In January, the British military resumed test firing of DU shells at the Dundrennan firing range near Kirkcudbright, Scotland. Since 1982, more than 7,000 shells have been fired at the range. The shells are meant to land in the sea, but attempts to retrieve are not always successful and 28 tons of DU shells have gone missing. An independent nuclear consultant called this “a disaster waiting to happen. Eventually it will end up in the food chain. What they have done is outrageous and irresponsible.” Environmentalists fear that the shells could break up and be washed ashore after a storm, posing a hazard for children playing on beaches.
Furthermore, up to 24 shells have misfired and hit the ground, generating clouds of DU dust. In most cases these “malfunctioning penetrators” buried themselves in the ground and have not been recovered.
Excerpted from Cornerstones, the newsletter of the Research Office of the Right Livelihood Award Foundation [Box 15072, S-10465 Stockholm, Sweden, http://www.rightlivelihood.se].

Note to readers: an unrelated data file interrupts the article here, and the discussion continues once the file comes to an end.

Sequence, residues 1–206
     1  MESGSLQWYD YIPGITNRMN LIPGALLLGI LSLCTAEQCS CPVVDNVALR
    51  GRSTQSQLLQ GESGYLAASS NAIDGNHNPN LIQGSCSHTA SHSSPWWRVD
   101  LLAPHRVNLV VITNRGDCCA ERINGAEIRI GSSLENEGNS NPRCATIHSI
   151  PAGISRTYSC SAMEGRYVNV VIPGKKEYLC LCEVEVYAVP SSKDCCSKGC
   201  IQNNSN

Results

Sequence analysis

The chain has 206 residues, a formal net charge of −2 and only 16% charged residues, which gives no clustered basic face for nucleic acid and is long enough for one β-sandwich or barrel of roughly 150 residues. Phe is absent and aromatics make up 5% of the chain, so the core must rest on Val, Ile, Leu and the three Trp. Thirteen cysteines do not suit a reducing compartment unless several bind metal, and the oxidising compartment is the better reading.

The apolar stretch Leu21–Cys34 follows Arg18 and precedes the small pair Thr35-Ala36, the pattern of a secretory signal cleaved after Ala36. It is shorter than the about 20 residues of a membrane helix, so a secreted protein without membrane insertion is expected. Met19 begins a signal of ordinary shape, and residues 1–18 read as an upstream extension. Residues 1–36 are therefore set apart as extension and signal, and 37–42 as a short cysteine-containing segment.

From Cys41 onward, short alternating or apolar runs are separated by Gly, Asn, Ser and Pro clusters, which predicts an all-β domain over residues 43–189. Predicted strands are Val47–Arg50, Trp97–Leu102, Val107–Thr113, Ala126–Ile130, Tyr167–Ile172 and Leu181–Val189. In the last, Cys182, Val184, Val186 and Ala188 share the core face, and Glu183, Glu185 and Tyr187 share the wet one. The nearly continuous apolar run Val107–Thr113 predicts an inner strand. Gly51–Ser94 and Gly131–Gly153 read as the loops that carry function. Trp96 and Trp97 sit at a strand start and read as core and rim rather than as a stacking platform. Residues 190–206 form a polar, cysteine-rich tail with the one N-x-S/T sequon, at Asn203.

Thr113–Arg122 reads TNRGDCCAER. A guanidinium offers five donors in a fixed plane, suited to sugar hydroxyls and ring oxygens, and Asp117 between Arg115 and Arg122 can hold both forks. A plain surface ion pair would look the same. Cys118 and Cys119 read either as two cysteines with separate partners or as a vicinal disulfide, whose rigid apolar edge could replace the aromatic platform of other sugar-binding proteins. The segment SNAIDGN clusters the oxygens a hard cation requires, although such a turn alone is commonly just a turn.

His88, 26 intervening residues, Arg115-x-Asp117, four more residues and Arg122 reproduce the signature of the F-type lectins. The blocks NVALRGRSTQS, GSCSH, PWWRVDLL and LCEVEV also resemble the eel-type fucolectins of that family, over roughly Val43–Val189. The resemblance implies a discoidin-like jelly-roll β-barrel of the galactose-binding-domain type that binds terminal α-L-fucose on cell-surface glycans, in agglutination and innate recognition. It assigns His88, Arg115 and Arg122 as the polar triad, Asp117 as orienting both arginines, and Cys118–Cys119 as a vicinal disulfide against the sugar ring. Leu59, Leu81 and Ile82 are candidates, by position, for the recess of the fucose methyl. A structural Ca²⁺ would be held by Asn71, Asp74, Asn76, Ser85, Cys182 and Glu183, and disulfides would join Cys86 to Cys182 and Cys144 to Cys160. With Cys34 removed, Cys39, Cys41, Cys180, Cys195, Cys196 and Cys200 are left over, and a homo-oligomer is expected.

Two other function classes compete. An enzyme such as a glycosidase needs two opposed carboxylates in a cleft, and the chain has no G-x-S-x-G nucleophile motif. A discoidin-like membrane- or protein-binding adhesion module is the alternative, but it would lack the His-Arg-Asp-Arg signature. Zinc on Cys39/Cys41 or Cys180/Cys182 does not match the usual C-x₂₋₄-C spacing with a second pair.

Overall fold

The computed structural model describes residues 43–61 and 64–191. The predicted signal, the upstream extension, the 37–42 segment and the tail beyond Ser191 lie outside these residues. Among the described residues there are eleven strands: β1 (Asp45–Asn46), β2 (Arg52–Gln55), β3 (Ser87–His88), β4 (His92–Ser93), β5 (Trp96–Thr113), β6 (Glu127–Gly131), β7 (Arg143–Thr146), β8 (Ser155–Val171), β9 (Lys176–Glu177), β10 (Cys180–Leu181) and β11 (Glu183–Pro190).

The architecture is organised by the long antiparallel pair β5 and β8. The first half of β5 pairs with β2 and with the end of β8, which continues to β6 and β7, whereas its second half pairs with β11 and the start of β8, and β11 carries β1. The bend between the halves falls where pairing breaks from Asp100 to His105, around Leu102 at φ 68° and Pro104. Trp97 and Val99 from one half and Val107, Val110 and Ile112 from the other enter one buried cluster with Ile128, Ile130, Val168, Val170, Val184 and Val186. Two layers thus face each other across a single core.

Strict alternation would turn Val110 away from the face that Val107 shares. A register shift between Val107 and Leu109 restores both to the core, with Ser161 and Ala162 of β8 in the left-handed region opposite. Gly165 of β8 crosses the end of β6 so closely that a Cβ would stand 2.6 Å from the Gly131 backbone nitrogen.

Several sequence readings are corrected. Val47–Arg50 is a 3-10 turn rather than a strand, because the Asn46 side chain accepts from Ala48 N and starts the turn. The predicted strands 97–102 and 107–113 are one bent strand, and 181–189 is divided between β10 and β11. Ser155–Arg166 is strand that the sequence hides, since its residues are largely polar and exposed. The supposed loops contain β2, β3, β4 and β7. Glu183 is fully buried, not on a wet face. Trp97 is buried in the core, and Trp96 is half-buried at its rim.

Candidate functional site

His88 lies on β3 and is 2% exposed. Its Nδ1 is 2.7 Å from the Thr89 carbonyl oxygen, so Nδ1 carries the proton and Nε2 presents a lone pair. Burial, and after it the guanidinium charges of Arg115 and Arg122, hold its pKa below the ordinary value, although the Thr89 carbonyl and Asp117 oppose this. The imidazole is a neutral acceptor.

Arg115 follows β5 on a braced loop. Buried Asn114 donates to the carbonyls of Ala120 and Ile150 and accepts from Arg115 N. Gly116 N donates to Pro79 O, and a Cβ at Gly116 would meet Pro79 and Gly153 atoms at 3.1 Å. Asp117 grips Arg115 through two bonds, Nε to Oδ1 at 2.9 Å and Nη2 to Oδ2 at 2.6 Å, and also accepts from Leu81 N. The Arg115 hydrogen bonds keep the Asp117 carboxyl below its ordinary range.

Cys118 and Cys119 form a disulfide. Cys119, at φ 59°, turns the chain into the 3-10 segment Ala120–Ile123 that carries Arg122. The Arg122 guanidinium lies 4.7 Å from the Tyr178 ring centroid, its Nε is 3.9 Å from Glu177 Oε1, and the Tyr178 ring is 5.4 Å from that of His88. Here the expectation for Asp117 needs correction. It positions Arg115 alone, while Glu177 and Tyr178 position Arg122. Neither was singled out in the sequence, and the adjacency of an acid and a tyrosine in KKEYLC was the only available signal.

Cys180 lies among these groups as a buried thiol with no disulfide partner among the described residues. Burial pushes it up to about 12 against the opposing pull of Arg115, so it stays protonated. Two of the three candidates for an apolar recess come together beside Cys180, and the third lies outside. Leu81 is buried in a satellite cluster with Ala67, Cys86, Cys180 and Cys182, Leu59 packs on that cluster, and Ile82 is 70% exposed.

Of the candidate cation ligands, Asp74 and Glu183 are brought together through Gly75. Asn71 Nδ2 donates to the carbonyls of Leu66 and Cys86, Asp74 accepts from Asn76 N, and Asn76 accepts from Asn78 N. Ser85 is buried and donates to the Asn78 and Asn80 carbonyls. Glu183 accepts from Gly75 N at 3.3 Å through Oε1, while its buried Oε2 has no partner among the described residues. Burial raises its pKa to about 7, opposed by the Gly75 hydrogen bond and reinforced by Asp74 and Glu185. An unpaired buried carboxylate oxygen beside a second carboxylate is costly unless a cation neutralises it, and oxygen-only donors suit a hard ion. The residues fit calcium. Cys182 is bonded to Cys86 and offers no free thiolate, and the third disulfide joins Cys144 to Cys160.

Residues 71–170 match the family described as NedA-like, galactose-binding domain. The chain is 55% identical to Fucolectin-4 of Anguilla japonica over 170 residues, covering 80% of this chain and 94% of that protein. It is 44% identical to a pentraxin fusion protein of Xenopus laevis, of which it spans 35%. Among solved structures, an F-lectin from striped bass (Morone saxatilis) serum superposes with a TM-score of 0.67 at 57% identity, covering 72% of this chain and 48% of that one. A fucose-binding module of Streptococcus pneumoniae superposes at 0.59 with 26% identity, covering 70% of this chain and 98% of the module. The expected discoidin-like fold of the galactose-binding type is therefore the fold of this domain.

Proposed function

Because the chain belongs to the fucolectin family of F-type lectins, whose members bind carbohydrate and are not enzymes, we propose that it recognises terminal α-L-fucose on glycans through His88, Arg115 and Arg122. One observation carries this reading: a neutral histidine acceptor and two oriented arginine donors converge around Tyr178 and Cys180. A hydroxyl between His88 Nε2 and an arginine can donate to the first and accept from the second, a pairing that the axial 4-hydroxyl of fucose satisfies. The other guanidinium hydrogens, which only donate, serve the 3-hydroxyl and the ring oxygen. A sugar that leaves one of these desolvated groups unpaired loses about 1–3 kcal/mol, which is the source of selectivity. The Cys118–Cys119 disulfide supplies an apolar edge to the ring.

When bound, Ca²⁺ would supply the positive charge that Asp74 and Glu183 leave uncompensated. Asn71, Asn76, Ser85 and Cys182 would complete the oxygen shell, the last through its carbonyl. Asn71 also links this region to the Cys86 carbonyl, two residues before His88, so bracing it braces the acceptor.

Our Polluted Earth
US–NASA's orbiting TERRA satellite captured an astounding record of clouds of CO2 bursting from industrial centers and washing over the Northern Hemisphere from March to December 2000. NASA's Goddard Space Flight Center has posted the animation online as an 5.63 megabyte downloadable file [www.gsfc.nasa.gov/GSFC/EARTH/Terra/co.htm].
The satellite imagery also reveals that, in addition to clouds of CO2, “about half of the global emissions of carbon monoxide are caused by human activities.”
Uranium in War: The US in Kosovo
by Rosalie Bertell (Author of Victims of the Nuclear Age)
Every nation with a nuclear industry has access to depleted uranium (DU). In addition to the US and Britain, some 17 countries are known to have DU weapons, including Russia, Turkey, Saudi Arabia, Pakistan, Thailand, Israel and France. Governments and the nuclear industry refuse to admit the human health effects of exposure to DU because this could force them to pay millions in compensation, and probably cause the closure of all nuclear industries that expose workers and the public to low levels of radiation.